Prof. Jaap van Buul

Council Officer – Young Investigator Group  


Vascular Cell Biology Lab| Sanquin Research and Landsteiner Laboratory

Leeuwenhoek Centre for Advanced Microscopy (LCAM)

Swammerdam Institute for Life Sciences (SILS) at University of Amsterdam


Jaap D. van Buul is professor of Vascular Cell Biology by special appointment at the Swammerdam Institute for Life Sciences (SILS) at University of Amsterdam. He did his postdoc in the lab of Prof. Dr. Keith Burridge at the department of Developmental and Cell Biology at the University of North Carolina in Chapel Hill, USA. This was a wonderful period and showed for the first time a functional role for the small GTPase RhoG. In 2009, he co-founded the Dutch Endothelial Biology Society (DEBS), a society that gives a platform to young investigators in the vascular biology field to present their work to a larger audience and currently holds the chair. In addition, Prof. Van Buul is the president of the Dutch Society for Cell Biology (DSCB), formally known as the NVvC. In 2016, he joined the board of the European Vascular Biology Organization (EVBO) and in 2018 became a member of the F1000. Currently, Prof. Van Buul runs the Vascular Cell Biology lab at Sanquin Research in Amsterdam.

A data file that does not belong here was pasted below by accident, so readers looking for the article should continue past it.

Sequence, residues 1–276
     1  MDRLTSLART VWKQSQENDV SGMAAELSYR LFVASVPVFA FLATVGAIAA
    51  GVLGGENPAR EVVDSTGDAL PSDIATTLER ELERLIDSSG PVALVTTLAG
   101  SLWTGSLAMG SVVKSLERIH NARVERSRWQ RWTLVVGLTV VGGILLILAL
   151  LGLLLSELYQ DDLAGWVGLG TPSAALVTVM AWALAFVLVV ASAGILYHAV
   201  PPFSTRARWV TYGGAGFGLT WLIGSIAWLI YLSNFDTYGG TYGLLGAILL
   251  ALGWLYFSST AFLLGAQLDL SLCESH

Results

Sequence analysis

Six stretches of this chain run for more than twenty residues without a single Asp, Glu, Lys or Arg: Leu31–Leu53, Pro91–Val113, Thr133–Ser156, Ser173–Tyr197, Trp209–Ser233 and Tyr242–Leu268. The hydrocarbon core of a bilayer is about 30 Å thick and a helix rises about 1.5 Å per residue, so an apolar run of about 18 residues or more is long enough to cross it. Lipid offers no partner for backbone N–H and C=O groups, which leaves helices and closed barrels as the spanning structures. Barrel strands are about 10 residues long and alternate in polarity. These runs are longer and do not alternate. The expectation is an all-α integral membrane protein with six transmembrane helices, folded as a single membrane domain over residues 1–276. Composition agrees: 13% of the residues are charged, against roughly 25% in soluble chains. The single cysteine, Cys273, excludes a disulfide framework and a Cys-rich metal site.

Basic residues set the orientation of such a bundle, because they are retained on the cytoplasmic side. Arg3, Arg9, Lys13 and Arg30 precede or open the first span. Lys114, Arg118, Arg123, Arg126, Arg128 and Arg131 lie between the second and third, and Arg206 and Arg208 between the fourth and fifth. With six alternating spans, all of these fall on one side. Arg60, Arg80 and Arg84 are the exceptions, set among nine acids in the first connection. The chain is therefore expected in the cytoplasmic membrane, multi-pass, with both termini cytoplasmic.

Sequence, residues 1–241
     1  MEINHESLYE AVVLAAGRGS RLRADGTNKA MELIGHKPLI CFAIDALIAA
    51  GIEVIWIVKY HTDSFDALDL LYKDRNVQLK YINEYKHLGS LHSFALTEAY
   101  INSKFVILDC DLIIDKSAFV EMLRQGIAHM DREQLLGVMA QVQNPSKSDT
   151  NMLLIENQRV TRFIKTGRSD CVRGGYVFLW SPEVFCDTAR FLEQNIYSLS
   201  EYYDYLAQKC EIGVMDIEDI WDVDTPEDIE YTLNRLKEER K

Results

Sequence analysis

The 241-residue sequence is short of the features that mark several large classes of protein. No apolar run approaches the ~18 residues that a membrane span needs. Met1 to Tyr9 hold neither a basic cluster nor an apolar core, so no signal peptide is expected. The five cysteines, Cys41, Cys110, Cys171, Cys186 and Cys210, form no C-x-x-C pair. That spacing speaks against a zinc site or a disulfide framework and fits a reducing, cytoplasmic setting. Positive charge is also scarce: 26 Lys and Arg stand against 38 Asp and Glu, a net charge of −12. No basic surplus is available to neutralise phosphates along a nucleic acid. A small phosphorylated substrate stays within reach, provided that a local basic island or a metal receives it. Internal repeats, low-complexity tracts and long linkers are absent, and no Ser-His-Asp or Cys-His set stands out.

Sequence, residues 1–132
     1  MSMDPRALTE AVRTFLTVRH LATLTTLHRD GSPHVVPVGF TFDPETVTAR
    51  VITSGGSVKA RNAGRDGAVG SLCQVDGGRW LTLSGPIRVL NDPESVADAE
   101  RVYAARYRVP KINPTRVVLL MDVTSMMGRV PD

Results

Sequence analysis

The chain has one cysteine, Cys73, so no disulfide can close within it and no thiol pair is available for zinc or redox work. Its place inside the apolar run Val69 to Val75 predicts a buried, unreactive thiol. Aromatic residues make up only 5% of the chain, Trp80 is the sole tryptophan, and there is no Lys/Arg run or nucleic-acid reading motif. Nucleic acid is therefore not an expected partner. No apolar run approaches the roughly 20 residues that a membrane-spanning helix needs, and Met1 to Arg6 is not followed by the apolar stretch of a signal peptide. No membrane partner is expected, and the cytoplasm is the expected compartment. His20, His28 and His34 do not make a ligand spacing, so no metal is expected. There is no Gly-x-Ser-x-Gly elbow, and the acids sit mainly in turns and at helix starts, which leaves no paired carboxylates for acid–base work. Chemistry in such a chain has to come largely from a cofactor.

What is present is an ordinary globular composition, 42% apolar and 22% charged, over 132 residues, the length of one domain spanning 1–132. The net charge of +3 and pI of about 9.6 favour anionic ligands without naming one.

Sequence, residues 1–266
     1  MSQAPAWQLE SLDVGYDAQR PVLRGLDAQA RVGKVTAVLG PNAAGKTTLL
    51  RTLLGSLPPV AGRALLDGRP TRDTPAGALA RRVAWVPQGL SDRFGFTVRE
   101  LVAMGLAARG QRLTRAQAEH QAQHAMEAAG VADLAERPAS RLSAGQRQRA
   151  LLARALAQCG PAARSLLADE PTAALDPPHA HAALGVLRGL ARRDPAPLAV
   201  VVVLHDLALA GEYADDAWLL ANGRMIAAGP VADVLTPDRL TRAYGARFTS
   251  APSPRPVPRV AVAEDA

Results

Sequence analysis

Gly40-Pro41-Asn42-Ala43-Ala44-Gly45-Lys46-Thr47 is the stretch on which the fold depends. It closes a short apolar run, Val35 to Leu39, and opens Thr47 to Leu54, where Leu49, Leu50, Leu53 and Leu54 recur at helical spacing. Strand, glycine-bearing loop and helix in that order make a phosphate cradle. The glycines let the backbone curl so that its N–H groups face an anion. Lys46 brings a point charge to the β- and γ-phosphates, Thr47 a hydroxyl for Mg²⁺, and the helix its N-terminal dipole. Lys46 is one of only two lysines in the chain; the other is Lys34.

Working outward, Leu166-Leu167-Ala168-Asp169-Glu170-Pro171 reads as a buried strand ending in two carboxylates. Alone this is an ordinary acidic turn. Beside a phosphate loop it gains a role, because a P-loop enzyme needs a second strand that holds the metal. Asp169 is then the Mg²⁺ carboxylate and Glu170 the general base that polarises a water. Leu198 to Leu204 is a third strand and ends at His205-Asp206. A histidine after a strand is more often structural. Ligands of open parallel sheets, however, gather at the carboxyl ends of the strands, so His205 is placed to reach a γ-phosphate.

Mission statement

The Van Buul lab uses several cellular and molecular biology techniques to visualize the actual adhesion and transmigration of immune cells across the endothelium. The lab uses transmigration assay under physiological flow in combination with advanced confocal laser scanning microscopy and in collaboration lattice light sheet microscopy. This allows following transendothelial migration with the highest possible resolution in 3D in time with minimal phototoxicity, enabling us to draw conclusions on the spatial and temporal regulation of all different steps of the transendothelial migration cascade. Most recently, the lab entered the field of optogenetics using FRET-based biosensors: a technique that reveals the localization of protein activation through the transmission of fluorescent signals. Recently, the lab started generating vessel-on-a-chip. With the use of all described tools, it is the goal to understand the molecular details of leukocyte transendothelial migration to ultimately develop therapies that either promote or inhibit leukocyte transendothelial migration and vascular permeability in an organ-specific manner.




Twitter: @Buul_Lab